A few weeks ago, I was in New Hope, Pennsylvania, to meet my friend Sean for coffee. As it turns out, I arrived early and, as chronicled elsewhere on this blog, had some time to kill and wandered over to one of my favorite independent bookstores where I met a pair of writers who did their best to talk me out of buying their books. But I bought them anyway and was rewarded by one of the authors with a used VHS copy of Man on Fire starring Denzel Washington. The book, the author promised, would explain everything. The author in question was Josh Myers, and his novel is called Feast of Oblivion.
Before I get into my review of Feast of Oblivion, I should note that I didn’t really get a good look at the book or the videotape before I hurried off to meet my friend for coffee. As a result, I didn’t realize that the cover of the book was emblazoned with what looks like a confused — or possibly dancing — swastika and that the videotape was stamped with the same insignia. This led to an awkward moment during which I attempted to explain what I was doing with such an odd and fascist looking book and VHS tape in my possession, tried to blame Josh Myers for foisting questionable merchandise upon me, and then gave up when I remembered that he and his accomplice, Jordan Krall, had, in fact, attempted to talk me out of buying their wares.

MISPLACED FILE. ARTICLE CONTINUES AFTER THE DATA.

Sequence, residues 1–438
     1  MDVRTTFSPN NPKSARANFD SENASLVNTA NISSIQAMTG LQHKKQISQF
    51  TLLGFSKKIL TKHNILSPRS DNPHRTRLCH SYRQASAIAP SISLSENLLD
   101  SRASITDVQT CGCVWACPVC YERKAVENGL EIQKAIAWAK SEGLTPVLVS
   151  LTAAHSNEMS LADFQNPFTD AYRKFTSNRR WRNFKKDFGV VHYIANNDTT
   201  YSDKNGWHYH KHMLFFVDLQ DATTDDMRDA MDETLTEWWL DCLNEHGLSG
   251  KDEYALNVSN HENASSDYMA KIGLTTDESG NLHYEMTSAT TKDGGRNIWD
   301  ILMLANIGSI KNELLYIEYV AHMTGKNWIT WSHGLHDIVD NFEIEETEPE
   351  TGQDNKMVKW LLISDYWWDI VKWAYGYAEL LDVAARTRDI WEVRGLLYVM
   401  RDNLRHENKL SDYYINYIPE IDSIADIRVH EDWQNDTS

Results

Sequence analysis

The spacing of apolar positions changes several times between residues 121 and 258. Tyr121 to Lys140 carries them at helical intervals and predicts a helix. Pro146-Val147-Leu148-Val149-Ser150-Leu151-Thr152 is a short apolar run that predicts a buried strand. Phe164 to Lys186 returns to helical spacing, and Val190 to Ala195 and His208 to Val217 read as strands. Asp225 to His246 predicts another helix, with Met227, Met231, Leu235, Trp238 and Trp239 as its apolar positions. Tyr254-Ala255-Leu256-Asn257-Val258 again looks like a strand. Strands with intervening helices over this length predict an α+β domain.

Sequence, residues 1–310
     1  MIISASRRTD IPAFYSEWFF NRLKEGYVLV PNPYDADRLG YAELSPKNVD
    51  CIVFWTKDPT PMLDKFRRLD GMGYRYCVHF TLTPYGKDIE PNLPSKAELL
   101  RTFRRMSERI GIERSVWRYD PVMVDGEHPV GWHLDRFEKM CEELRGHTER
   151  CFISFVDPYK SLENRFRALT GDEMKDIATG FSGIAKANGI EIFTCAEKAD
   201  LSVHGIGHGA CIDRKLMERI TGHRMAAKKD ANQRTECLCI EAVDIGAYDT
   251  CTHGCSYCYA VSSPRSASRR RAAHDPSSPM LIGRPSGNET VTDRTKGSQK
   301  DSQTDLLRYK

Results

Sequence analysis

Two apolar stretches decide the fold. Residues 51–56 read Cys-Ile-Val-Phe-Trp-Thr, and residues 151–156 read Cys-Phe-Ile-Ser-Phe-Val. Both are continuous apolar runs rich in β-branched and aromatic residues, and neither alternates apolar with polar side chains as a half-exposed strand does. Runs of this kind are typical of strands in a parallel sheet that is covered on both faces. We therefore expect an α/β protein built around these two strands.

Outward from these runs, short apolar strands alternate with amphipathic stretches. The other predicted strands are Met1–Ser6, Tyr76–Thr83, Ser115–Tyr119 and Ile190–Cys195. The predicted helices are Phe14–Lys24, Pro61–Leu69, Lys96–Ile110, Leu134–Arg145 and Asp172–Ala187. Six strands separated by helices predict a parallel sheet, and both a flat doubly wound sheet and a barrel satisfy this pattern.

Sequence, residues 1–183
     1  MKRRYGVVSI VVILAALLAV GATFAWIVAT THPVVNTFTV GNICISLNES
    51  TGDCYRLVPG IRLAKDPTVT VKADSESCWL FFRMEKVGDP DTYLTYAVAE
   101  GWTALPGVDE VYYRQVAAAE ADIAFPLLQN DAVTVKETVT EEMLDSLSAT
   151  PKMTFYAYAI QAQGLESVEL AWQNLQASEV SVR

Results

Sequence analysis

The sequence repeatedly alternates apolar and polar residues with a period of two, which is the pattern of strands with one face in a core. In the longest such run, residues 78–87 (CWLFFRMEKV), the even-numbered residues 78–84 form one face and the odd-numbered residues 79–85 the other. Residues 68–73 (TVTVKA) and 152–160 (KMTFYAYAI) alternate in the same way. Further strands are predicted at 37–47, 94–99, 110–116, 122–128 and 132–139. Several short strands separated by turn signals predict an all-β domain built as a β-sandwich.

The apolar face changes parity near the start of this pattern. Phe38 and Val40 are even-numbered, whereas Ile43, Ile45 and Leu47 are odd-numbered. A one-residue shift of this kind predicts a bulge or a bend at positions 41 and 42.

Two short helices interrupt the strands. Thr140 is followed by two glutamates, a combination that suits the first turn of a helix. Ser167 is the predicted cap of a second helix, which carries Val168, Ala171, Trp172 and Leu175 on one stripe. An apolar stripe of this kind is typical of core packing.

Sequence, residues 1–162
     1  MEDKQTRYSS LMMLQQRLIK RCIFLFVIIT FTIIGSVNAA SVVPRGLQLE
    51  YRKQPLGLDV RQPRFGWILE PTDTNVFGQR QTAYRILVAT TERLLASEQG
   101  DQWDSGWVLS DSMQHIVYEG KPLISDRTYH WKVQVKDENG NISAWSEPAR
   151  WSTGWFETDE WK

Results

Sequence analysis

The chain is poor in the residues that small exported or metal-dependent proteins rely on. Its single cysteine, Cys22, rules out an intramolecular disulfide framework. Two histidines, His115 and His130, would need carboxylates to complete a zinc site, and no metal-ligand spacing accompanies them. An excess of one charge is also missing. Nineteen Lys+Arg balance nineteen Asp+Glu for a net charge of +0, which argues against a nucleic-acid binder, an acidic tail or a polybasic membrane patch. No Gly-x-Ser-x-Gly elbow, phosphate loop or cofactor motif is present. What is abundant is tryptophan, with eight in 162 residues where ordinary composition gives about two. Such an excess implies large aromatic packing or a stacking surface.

But their wares, it turns out, kept me amused, if occasionally grossed out, for the next week or so as I became reacquainted with that most curious of postmodern genres, bizarro fiction. And, for what it’s worth, Feast of Oblivion is a shining example of that genre’s conventions. The premise, for one thing, is ridiculous: a self-styled halibut expert visits an underground fortress and accidentally uncovers a plot to destroy the universe. On top of that, there’s plenty of scatological imagery, weird sexual activity, and Lewis Carroll-esque dream logic. In other words, Feast of Oblivion is a delightful romp through a perverse dreamscape in which New Jersey has been reduced to a desert, staircases spiral infinitely upward, and the fate of the universe is in the hands of a man who is obsessed with halibut.
I’d say more, but I’m afraid I’d give too much away.
And then I’d have the halibut to answer to.